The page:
Chess professionals use to the software Chessbase to do research about the competition. For managers, social media profiles is a great place to do research (or stalking).
6. Accept the possibility that you could be wrong.
In chess, quite often when I think deeply about a position, I can’t figure a way out. In that case, I change my presumptions. It’s basically like changing the glass you wear. Many of my great decisions on the chessboard have come from this possibility — “What if my opponent’s king is no longer as weak as it was 3 moves ago? Am I entirely wrong about assuming that his king is unsafe?”
In managing your team, that could translate to something like this — “So the last time, John underperformed. Does this mean he will continue to underperform? Am I thinking & treating John based on his past results? What if he has improved from his mistakes from the last time & is performing better? What if I am wrong about John? What if I’m treating John with a cognitive bias?”
Or when it comes to competition, the dialogue would look like this — “We are a bigger brand with a bigger market & a bigger team. Is it ‘we are’ or ‘we were’? Do we still have the same edge today that we had 2 months back? Or are we just living an illusion?”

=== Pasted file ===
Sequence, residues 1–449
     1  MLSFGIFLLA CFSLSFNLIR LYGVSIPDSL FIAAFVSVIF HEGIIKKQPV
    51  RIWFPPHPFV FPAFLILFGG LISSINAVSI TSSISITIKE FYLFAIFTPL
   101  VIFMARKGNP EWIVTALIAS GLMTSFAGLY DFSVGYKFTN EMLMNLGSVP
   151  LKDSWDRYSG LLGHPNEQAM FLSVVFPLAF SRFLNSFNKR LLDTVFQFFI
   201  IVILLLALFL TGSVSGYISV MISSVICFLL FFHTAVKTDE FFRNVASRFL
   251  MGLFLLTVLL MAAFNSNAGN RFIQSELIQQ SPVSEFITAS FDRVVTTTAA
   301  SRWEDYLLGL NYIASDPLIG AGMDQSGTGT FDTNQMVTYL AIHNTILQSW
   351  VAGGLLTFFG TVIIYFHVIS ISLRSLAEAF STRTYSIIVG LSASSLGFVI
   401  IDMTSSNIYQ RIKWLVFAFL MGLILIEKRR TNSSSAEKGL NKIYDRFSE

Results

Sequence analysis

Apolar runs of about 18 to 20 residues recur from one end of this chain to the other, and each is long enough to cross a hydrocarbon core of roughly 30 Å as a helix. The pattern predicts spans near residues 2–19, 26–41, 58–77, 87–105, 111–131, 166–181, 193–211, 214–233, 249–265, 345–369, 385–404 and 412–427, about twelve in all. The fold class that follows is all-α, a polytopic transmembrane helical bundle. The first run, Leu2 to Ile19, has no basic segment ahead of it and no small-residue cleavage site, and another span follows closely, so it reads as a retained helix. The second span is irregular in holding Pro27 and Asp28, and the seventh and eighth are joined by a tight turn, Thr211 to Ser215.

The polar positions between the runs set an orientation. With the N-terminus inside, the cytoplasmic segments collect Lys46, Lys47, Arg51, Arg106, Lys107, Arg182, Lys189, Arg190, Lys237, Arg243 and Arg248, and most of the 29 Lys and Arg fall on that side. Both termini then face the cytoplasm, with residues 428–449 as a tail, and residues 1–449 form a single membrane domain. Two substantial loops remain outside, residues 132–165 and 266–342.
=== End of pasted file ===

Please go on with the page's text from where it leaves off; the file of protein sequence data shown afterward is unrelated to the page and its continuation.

By changing your assumption, you change the way you look at things. We often view reality from a filtered perspective. It helps to consciously doubt yourself, when it comes to making great decisions.
Ego often comes in the way of asking such question. For me, it has come over hundreds of times. And that has also cost me winning my games. Another challenge to this is that sometimes you aren’t self aware to spot this flaw. We become aware of these questions during moments of self reflection.
7. Understand your competition & don’t underestimate their responses.
This one is my favorite. A better understanding of your opposition & their response can significantly improve your results. In chess, we call it prophylactic thinking. Finding the best moves not only for you, but also of your opponent is the hallmark of a strong chess player. If you selfishly think about yourself & don’t pay heed to your opponent’s intentions, one of his ideas could potentially destroy your ambitions. Predicting & finding your opponent’s best resources is the way we chess players are trained to calculate.
The same could go while managing your business. Understanding what the competition is up to & how they respond is a valuable piece of information. Based on that you can position yourself in a favorable way to meet their response. This reminds of an Indian movie, Blackmail, starring the late Irfan Khan & Kriti Kulhari.